"We just don't know where all the stuff is," said one British official. "We don't know how far they have dispersed or duplicated facilities and we don't know how much of what we can see is dummy or decoy construction. In short, we can't be sure we've got all the targets to stop them from building a weapon."

Further complicating the Iranian issue is Israel, which has vowed to act if Tehran's nuclear development continues. Shaul Mofaz, Israel's defence minister, warned two years ago that "under no circumstances would Israel be able to tolerate nuclear weapons in Iranian possession".

A point U.S. Vice-President Cheney acknowledged last week when he said that Israel "might well decide to act first and let the rest of the world worry about cleaning up the diplomatic mess afterwards".

Despite reports in Israel that Washington is secretly encouraging Tel Aviv to strike, many U.S. analysts believe that the limited range of Israeli air force bombers would make the mission exceptionally perilous.

A former CIA analyst Kenneth Pollack, stated, "I know we would all like the Israelis to take care of this problem for us, but that is why you are hearing them shout so loudly. They are deathly afraid that the Iranians are getting close. They know they can't take care of it and they want us to do so."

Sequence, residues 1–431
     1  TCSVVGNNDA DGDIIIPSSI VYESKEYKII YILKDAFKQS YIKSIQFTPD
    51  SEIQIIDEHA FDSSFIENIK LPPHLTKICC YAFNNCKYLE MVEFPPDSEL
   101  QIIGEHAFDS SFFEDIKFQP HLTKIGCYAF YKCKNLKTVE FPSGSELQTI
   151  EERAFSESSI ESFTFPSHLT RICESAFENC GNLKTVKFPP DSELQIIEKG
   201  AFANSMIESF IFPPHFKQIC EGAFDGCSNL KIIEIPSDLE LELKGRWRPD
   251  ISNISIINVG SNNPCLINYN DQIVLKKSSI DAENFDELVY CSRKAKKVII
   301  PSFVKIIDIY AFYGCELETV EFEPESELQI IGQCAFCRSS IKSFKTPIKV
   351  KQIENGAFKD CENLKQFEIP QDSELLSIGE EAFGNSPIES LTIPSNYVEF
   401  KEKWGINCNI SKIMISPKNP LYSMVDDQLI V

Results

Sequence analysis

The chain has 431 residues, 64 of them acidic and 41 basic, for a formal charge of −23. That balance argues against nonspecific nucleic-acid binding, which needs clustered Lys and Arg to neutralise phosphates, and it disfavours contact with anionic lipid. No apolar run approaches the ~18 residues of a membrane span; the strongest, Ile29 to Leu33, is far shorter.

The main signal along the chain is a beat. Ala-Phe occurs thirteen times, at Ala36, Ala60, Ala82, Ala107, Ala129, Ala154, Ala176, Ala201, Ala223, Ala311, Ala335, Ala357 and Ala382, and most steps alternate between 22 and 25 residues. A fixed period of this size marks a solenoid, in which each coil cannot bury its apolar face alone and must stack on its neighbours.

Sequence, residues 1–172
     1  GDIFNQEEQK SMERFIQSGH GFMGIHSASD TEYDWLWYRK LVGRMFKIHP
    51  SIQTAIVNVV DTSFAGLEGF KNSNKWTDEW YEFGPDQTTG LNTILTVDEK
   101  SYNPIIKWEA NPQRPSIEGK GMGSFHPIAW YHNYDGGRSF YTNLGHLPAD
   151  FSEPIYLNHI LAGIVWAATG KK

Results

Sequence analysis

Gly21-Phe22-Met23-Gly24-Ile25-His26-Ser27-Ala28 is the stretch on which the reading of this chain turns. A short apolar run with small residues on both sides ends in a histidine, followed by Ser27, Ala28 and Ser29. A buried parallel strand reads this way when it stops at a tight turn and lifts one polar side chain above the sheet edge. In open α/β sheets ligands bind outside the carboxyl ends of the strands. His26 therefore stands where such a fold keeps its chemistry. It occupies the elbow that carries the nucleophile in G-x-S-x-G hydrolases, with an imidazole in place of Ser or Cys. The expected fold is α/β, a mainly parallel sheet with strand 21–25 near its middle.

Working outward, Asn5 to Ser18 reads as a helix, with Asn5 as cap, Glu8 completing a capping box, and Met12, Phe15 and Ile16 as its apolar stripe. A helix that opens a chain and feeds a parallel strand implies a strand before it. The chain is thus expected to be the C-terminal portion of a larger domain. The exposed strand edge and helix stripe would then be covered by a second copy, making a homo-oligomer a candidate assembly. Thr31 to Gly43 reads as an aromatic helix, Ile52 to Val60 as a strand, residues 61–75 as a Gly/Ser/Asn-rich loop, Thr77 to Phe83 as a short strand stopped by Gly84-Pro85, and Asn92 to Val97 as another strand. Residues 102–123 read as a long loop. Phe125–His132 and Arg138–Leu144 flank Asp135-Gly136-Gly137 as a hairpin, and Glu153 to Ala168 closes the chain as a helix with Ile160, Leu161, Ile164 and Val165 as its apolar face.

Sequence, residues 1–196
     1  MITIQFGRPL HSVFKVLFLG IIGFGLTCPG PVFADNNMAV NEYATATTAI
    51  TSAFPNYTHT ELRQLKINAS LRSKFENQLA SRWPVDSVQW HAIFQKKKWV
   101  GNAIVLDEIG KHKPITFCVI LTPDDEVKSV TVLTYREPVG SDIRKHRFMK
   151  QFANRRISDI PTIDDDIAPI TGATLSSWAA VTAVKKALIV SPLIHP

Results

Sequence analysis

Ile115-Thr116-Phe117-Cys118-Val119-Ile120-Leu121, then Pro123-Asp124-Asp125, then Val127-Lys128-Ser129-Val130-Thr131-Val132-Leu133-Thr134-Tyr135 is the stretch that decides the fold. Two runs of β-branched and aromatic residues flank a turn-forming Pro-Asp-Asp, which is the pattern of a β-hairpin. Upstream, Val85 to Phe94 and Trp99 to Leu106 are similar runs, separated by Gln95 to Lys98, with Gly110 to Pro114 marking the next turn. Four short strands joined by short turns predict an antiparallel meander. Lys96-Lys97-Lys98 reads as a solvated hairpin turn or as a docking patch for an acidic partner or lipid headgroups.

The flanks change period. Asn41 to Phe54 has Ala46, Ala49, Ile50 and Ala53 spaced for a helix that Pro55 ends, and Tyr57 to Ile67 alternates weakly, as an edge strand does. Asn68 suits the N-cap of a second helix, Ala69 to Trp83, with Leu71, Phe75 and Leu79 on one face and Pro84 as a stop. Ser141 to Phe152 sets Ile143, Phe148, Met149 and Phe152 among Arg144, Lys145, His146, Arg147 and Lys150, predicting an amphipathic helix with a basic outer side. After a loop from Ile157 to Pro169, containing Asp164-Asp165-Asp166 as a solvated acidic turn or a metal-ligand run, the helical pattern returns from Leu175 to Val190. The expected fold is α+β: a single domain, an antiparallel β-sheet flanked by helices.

But the Iranian leadership doesn't appear to be overly worried by the U.S.'s military threats. "They do not have accurate information about our military capabilities," Ali Shamkhani, Iran's defence minister, retorted last week.

Another government spokesman dismissed reports of American special force activity in Iraq as "a ridiculous bluff" and "psychological warfare".

Behind the Iranian leaderships statements lies what British officials believe is a persuasive argument against a military attack: far from encouraging Iranian reformers to rise up against their government, any form of U.S. intervention might actully unite the country behind Ayatollah Ali Khamenei, the country's supreme leader."

Press Briefing by Ari Fleischer: Richard Perle is "Outside"